Thursday, April 29, 2010
Fund-raiser May 8 for Kate Freeman Clark Art Gallery
By SUE WATSON
An event that is very important to the perpetuity of the Kate Freeman Clark Art Gallery is set for Saturday, May 8.
The gala is held every four years to renovate and maintain the gallery built with funds left by the New York-trained artist for the preservation of her life’s work. Clark, who spent the first 15 years of her life in Holly Springs, then her last years, left a body of work that includes about 1,200 paintings, according to Bea Green.
The art gallery was built after Clark’s death to house her life’s work and was left as a public trust to the people of the State of Mississippi.
The gala this year includes silent and live auctions with the last item of the live auction to be a painting by the artist.
Clark was born in 1875, given art lessons in Memphis, then trained under William Merritt Chase, one of the most famous American artists, teachers and painters of the Impressionistic period.
After leaving Holly Springs, Clark was educated in Washington, D.C., where she made her debut and lived with her mother and grandmother. Later Clark, her mother and grandmother moved to New York where she painted for 30 years. They spent the summers in Shinnacock Hills, now named Long Island, where she studied six years in the summer with Chase.
When she returned to Holly Springs, after the sudden deaths of Chase in 1916 and then her mother and grandmother, Clark never painted again. She was so attached to her paintings that she refused to sell them, saying they were the children she never had. She donated one painting to the Brooks Art Gallery in Memphis. The Kate Freeman Clark Art Gallery is the only gallery in the world to house only the works of a single individual.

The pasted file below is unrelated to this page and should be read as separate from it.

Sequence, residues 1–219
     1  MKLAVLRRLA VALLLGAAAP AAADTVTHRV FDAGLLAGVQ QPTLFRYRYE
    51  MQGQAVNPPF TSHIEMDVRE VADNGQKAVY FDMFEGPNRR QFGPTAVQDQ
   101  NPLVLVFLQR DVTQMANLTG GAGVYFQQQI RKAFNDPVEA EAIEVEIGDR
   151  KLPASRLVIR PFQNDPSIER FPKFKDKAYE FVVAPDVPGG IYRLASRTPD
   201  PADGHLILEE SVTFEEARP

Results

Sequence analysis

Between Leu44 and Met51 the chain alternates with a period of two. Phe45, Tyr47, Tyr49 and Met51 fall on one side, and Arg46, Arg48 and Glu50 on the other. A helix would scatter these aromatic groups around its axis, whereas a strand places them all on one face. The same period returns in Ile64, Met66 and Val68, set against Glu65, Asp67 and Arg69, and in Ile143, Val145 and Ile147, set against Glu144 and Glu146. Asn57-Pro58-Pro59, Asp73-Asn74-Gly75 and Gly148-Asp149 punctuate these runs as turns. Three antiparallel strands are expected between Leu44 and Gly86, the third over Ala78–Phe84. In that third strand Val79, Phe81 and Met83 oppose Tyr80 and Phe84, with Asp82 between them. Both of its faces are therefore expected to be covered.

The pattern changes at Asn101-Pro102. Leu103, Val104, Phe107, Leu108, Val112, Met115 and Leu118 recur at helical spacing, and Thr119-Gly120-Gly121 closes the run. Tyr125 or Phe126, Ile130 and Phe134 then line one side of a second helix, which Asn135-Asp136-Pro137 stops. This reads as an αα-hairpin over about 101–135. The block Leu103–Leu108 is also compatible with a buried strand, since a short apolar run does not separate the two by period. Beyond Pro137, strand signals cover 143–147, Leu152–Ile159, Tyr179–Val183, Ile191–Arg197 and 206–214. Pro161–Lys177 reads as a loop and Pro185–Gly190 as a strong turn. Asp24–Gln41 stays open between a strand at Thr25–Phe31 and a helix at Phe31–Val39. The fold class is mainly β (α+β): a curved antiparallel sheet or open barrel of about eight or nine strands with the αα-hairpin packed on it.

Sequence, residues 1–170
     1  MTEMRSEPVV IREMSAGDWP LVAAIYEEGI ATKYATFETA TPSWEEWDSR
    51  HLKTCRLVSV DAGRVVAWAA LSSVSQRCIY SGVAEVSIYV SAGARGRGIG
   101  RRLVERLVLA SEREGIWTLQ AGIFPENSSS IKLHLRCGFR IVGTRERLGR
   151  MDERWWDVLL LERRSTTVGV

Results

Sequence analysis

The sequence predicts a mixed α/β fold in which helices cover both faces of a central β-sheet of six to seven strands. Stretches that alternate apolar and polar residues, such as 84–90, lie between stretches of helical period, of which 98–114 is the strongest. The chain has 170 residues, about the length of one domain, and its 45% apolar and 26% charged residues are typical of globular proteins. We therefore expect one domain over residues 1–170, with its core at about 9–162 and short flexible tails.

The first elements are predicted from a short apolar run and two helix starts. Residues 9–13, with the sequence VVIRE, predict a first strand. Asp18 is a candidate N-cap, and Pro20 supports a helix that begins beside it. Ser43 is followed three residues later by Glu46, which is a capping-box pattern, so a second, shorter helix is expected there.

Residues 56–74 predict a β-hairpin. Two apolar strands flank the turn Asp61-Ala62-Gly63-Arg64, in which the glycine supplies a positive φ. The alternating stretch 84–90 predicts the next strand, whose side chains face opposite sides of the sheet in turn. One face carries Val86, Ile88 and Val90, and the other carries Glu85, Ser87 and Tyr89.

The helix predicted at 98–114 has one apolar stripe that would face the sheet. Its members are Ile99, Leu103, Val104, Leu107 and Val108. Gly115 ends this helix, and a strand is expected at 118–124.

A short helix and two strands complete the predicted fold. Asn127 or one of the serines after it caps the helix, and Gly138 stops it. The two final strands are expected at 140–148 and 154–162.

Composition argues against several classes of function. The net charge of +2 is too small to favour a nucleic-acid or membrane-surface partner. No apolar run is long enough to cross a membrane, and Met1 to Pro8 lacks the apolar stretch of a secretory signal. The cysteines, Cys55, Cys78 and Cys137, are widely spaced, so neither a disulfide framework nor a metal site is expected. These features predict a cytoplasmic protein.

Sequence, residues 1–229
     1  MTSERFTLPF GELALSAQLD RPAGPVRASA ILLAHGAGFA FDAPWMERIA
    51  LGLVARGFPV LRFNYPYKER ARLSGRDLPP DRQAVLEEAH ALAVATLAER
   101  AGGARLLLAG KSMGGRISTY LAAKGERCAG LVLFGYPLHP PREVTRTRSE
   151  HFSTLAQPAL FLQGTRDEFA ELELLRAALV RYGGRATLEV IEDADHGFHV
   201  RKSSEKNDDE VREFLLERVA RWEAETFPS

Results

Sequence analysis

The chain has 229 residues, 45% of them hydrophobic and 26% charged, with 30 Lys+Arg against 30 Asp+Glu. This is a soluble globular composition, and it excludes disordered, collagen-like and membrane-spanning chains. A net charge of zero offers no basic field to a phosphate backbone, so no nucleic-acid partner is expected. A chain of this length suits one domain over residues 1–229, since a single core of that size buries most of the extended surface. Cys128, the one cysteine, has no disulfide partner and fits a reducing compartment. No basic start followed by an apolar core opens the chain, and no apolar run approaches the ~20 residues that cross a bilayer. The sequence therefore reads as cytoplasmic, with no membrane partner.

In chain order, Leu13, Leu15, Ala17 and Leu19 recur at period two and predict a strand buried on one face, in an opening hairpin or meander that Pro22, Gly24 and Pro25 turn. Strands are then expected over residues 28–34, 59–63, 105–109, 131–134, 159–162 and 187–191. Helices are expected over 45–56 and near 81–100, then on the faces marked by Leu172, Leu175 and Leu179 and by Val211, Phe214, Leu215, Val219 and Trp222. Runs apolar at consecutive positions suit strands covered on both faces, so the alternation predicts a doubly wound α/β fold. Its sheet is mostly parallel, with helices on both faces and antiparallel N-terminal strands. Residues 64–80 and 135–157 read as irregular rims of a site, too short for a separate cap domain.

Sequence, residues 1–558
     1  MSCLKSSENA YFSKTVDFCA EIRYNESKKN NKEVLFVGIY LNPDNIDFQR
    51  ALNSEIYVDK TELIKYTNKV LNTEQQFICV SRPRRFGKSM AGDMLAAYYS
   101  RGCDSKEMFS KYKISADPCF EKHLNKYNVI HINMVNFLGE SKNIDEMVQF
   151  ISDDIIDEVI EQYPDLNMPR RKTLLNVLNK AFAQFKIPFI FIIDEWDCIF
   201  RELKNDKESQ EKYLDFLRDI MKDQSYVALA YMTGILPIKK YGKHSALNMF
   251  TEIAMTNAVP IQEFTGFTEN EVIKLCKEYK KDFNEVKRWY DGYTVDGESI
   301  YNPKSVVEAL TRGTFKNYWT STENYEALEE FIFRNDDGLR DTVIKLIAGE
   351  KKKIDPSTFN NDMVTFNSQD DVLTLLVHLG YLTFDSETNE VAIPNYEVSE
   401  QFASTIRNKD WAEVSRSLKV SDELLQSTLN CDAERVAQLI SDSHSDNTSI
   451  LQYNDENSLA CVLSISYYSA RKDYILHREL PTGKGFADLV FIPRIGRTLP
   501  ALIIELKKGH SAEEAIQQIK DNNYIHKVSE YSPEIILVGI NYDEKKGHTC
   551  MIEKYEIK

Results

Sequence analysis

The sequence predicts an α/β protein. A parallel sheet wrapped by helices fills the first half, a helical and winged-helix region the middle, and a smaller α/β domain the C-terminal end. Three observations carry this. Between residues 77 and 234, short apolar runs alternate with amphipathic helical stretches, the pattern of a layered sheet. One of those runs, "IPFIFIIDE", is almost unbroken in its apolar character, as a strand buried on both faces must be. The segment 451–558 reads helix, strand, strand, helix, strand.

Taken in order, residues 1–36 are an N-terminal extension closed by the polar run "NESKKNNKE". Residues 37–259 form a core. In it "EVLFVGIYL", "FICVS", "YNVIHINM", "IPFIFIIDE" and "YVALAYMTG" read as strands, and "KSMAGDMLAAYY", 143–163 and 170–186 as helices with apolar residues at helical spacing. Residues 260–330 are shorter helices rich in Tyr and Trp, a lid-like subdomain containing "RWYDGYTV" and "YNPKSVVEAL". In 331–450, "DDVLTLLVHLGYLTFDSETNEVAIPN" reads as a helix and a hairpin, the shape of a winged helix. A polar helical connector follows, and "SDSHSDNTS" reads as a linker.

She studied at the Art Students League in New York, then under Chase in the summers after he founded a summer school at Long Island. Clark was considered Chase’s premier student, Green said. She returned to Holly Springs in 1923.
“She devoted her whole life to painting with support of her mother and grandmother - both widows,” Green said.
Kate Freeman Clark was an only child. After moving back to Holly Springs, the artist lived in the family home, Walthall Place, and was the organist at Christ Episcopal Church and belonged to the Thursday (book) Club.
Clark became very reclusive in late life and was a cat lover. All her works were stored in New York until after her death. She provided in her will for the construction of the art gallery to house her works.
She was the great-niece of Major General Edward Carey Walthall and her father was elected to the state legislature. Edward Carey Walthall was loved and respected in Washington and his funeral is one of the largest ever held in the Capitol, Green said.
The Walthall family moved to Holly Springs from Virginia in the 1840s and constructed a three-room cabin in 1847-48. An addition to the back was made in 1858.
Proceeds from the last gala were used to install museum lighting which Green said make Clark’s paintings “dance off the walls.”
Other projects in past years included installing shelving for all Clark’s paintings and for framing and restoration of the artist’s works.
The gala begins at 6 p.m. with the auctions and dinner starting at 7 p.m. A three-course meal of beef and pork tenderloin, potatoes and fresh vegetables will be served.
The evening includes dinner, dancing, an open bar and entertainment by The Bouffants. Tickets are $80 each and include dancing, dinner and an open bar. Reservations are requested and can be obtained by calling Ann Callicutt at 662-252-1563, who is also serving as contact person. Reservations are requested by Monday, May 3.
“It’s really a fun night and tickets are only $5 more than four years ago,” Green said.
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